June 19, 2018
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Old Town firm to design trails in Millinocket

By Nick Sambides Jr., BDN Staff

MILLINOCKET, Maine — An Old Town company will design and oversee the creation of a $625,000 walking and biking trail along Millinocket Stream slated for completion by November.

Millinocket councilors voted 7-0 on Thursday to award the James W. Sewall Co. a $62,500 contract for the trail work. The council followed Town Manager Eugene Conlogue’s recommendation after he and two other town officials had reviewed 15 bids and interviewed the top three finalists as part of the vetting process.

“The Sewall Co. is an excellent and highly rated firm,” Conlogue said during the meeting. “I don’t think you could do better than them.”

The 129-year-old engineering and mapping company has completed many projects around the state. Earlier this year, the state tapped Sewall to map broadband service and availability throughout Maine as part of a $25.4 million federal project aimed at expanding Maine’s high-speed Internet network.

Sewall has provided civil site design and permitting services for the $100 million, 57-megawatt wind farm slated for Stetson Mountain; the $55 million, 42-megawatt wind farm on Mars Hill — the state’s first commercial-scale wind site; and for TransCanada’s $320 million, 132-megawatt project on Kibby Mountain. That proj-ect will be finished this fall, according to the company’s Web site, sewall.com.

Sewall specializes in engineering, aerial photography, imaging and photogrammetry, geospatial solutions and forestry and natural resource consulting.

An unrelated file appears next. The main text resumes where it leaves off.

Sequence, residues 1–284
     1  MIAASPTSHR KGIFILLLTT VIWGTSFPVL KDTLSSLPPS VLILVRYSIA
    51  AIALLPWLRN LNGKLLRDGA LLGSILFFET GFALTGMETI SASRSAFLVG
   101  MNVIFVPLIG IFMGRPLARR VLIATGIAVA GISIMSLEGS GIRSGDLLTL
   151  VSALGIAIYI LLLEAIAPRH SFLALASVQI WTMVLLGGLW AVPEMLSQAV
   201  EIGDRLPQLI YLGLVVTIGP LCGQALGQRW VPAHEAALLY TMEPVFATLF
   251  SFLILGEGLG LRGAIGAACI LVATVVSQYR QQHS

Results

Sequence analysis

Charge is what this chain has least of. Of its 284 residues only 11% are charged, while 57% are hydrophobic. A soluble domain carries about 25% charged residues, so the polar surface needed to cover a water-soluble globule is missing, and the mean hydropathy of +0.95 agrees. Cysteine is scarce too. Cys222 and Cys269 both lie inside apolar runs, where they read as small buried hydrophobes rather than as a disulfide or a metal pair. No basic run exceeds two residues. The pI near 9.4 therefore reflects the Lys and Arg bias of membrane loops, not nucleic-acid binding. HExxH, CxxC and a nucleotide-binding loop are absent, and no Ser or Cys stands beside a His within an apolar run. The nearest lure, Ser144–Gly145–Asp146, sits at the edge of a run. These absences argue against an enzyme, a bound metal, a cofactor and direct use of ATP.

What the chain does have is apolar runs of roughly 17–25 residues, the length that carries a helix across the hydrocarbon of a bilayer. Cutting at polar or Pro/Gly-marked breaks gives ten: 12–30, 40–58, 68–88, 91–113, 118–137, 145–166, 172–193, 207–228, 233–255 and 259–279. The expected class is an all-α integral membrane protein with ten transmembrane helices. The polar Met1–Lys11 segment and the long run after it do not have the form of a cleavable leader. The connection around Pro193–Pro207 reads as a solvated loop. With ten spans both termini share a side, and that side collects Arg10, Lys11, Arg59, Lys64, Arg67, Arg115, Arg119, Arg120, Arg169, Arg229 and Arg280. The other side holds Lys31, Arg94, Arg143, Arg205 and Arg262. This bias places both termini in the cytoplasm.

The town contracted with the Maine Department of Transportation in October to build the trail, which will run about eight-tenths of a mile along both sides of the stream between Stearns High and Granite Street schools.

The town’s plan calls for spending $500,000 in federal grants, $80,625 in DOT funds and $44,375 in town funds, of which some will be in-kind work done by town workers. The federal grants were left over from an earlier project that never materialized.

Councilors said they expected the project would beautify downtown while providing a tourist draw and a recreational outlet.

Councilor Jimmy Busque said he wanted to ensure that it didn’t interfere with a nearby informal trail used by all-terrain vehicles. Conlogue said it wouldn’t. The project will feature a dual trail system, with a paved area for walkers, joggers and bicyclists and a separate gravel area for ATV riders.

The project will go out to bid by midsummer and be completed by Oct. 29, the contract states. Design work should begin shortly, Conlogue said.

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